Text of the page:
Much like the rest of the defense, Irabor started out very strong and faded towards the end. The corner isn't the most athletically gifted in the ASU secondary, but is a player who has football I.Q. beyond his years and good fundamentals. I would add that he is one of the more physical corners on the squad. But again, in November he was exposed often much like his fellow cornerbacks. Therefore, I wouldn't expect the Boise State passing game to pick on him more than they would on opposing corner, junior Deveron Carr.

At the start of the season, ASU brought back its entire starting offensive line but the team is 65th in sacks allowed and 73rd in tackles for loss allowed. What role have injuries played and is the unit playing better?

That tackles for loss is a very interesting stat I never saw brought up before, and you're right that you wouldn't expect a very experienced offensive line to generate less than flattering rankings such as that and the sacks figure. Undoubtedly the various injuries this group has suffered have caused some reshuffling that has played a factor. I would also point to inability to pick up blitzes at times, especially when Marshall was out of the game or playing injured as was often the case. Averaging nearly 40 passing attempts a game (a number that probably only got higher in the four losses to end the year) allowed defenses to frequently pin their ears against the Sun Devils, who had to play often from behind and literally abandon the running game.

Describe Brock Osweiler's development as a quarterback and a leader.

When you have a 6-8 quarterback you worry about mobility, footwork and compact delivery, and those are three aspects that Osweiler has shown a lot of improvement this year. He does a better job reading his progressions, although by his own admission he does have a ways to go in that area. Sometimes he will take unnecessary chances but more often than not in those instances his receivers bail him out.

Osweiler has certainly embraced his leadership role, and maybe it's just more than his stature that causes players to gravitate to him. He's very vocal and does a great job rallying the troops when needed and has shown that he can lead the team to comeback victories and being able to achieve that is just as much mental fortitude as it is physical fortitude. Prior to 2011 Osweiler started just two games and played sparingly in a handful of others, yet you never felt this season that ASU had a signal caller that is very wet behind the ears.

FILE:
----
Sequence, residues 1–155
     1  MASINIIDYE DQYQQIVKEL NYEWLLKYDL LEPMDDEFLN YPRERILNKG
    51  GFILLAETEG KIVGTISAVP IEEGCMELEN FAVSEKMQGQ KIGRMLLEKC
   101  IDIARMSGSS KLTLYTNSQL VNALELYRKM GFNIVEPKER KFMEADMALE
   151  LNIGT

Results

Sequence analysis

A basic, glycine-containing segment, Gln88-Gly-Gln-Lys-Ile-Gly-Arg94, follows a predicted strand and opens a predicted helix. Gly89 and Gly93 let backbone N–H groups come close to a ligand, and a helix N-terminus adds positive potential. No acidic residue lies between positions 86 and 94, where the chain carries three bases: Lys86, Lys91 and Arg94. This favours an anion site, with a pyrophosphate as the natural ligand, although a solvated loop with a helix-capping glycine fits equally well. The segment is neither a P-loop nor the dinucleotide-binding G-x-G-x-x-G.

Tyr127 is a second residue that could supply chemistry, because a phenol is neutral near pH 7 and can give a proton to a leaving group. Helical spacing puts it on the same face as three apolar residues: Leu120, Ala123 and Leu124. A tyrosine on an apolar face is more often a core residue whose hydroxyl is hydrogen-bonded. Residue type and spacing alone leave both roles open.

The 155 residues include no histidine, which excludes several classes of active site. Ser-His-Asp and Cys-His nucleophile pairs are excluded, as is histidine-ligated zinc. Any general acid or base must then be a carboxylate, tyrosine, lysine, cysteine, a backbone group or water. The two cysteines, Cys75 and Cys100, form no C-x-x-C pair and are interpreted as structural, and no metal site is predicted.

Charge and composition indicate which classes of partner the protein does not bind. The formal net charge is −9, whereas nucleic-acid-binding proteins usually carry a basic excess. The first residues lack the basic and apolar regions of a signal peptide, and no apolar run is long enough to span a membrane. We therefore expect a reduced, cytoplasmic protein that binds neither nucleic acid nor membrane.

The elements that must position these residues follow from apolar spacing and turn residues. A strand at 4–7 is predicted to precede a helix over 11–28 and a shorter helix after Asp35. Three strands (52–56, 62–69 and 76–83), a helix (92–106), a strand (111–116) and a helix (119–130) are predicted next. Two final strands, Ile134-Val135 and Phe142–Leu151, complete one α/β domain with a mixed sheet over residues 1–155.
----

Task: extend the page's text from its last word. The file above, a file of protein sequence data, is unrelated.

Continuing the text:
One of the keys to slowing down Boise State is getting to Kellen Moore. Does ASU put in blitz packages often or rely primarily on the defensive front to apply pressure?

ASU usually does a poor job rushing just four and you would think that under those circumstances they would be apt to blitz more. But that for whatever reason that isn't reality, although the linebackers' tendency to over pursue probably gives the coaching staff pause when they would think of dialing up a blitz. I would also think that the Sun Devil defense knows that a signal caller such as Moore could really exploit ASU in blitzing situations, so I would expect this group not to take as many chances.

Usually a spread offense will utilize the running game mostly in short-yardage situations or to keep the defense honest but Cameron Marshall has over 1,000 yards this season and is very close to Boise State's Doug Martin in both number of carries and yardage. Describe Marshall's running style and his role in the offense.

Marshall is a huge part of the ASU offense and that spelled both good and bad news for ASU. Marshall suffered an ankle injury back in August that has been nagging him for literally the entire season, and he had a minor knee later on injury to boot. Therefore, there were many games where those ailments simply caught up with him and he wasn't able to be as effective as you would expect. To make matters worse, the depth at his position was suspect at best (mainly because Deantre Lewis was sidelined all year with an off-season injury) and wasn't able to pick up the slack. That was a factor that did hurt the team in the aforementioned four-game skid.

Naturally, just looking at his stats Marshall was able to make a sizeable contribution despite his health. He possesses a perfect combination of strength and speed, and can do as much damage between the tackles as he does in the open field. He has great field vision and good decision making, and in an offense that is obviously not shy about passing he has proven to pick up the blitz very well. He certainly is a running back that will play on Sundays and should be quite effective at that.